Unfunding Terror

Unfunding Terror

The Legal Response to the Financing of Global Terrorism

Jimmy Gurulé

The book begins with a discussion of how shutting down the pipelines of funding is as important as dismantling the terrorist cells themselves. Next, the book covers the various means and methods used by terrorist groups to raise money, and examines how money is transferred globally to finance their lethal activities. The principal components of the legal strategy to disrupt the financing of terrorism are then discussed and evaluated. Unfortunately, the author concludes that the legal regime has met with mixed results, and finds that the sense of urgency to deprive terrorists of funding that existed following 9/11 has since dissipated. As a result, international efforts to freeze terrorist assets have dramatically declined. Moreover, the US Department of Justice has suffered several embarrassing and disappointing legal defeats in prosecuting major terrorist financiers. The author provides numerous recommendations to Congress, the Executive Branch, and the UN Security Council for strengthening the legal regime to deny terrorists the money needed to wage global jihad, acquire weapons of mass destruction, and launch another terrorist attack on the scale of 9/11.

Chapter 3: Al Qaeda’s Call to Jihad

Jimmy Gurulé

Subjects: law - academic, corruption and economic crime, finance and banking law, politics and public policy, terrorism and security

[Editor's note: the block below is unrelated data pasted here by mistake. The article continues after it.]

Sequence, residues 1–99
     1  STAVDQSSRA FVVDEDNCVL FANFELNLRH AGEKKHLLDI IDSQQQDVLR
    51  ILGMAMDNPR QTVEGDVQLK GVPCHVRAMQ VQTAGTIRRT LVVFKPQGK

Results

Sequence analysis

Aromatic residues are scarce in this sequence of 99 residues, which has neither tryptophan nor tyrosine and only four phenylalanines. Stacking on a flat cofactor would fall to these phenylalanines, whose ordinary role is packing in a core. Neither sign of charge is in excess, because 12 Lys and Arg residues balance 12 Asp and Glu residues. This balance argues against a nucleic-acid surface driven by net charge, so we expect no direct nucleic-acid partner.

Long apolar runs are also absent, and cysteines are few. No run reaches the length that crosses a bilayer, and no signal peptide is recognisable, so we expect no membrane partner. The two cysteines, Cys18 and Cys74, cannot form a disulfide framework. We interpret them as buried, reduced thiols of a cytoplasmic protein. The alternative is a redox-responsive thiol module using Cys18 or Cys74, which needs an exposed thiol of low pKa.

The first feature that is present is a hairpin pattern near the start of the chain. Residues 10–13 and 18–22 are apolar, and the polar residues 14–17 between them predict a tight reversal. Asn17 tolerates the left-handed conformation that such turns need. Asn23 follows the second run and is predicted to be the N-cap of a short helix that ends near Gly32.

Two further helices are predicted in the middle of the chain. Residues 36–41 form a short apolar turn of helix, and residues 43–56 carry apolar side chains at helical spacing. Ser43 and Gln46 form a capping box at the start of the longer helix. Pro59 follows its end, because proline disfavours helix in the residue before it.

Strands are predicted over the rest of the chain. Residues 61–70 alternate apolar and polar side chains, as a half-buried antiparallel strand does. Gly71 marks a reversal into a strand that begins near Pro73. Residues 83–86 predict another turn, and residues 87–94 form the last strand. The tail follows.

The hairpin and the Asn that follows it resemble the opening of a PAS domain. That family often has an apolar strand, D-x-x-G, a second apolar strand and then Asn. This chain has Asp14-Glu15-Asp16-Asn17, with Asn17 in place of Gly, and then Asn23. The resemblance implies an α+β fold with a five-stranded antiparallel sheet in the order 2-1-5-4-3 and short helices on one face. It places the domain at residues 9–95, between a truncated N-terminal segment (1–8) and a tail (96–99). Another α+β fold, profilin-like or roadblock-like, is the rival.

[J]ihad is an individual duty when an enemy attacks Muslim countries . . . To kill the Americans and their allies – civilians and military – is an individual duty incumbent upon every Muslim in all countries . . . so that their armies leave all the territory of Islam, defeated, broken, and unable to threaten any Muslim. Osama bin Laden1 The global fight against al Qaeda has been characterized as ‘the defining conflict of the early 21st century.’2 Some observers describe al Qaeda’s ‘holy war’ against America and its allies as representing an ‘existential struggle’ against non-Islamic societies and values;3 others, including Osama bin Laden himself, have said it reflects a ‘clash of civilizations.’4 Whatever description is most appropriate, it is clear that al Qaeda is waging a global campaign of terror unfettered by nationality, ethnicity, age, race, or gender. Its operations have targeted thousands of people, military and civilian, in deadly attacks around the world. ‘Killing and dying for Allah are viewed as the highest form of sacrifice.’5 All targets are considered legitimate if seen to be in opposition to al Qaeda’s fundamentalist interpretation of Islam. This ideology further rejects compromise, embraces martyrdom and demands complete victory.6 Effectively, bin Laden’s message is this: you are either a believer or a non-believer, a righteous Muslim or an infidel.7 With this message, bin Laden has inspired a movement that is intent on targeting the ‘non-believing’ world in the name of Islam.8 Al Qaeda is not simply a politically motivated terrorist...

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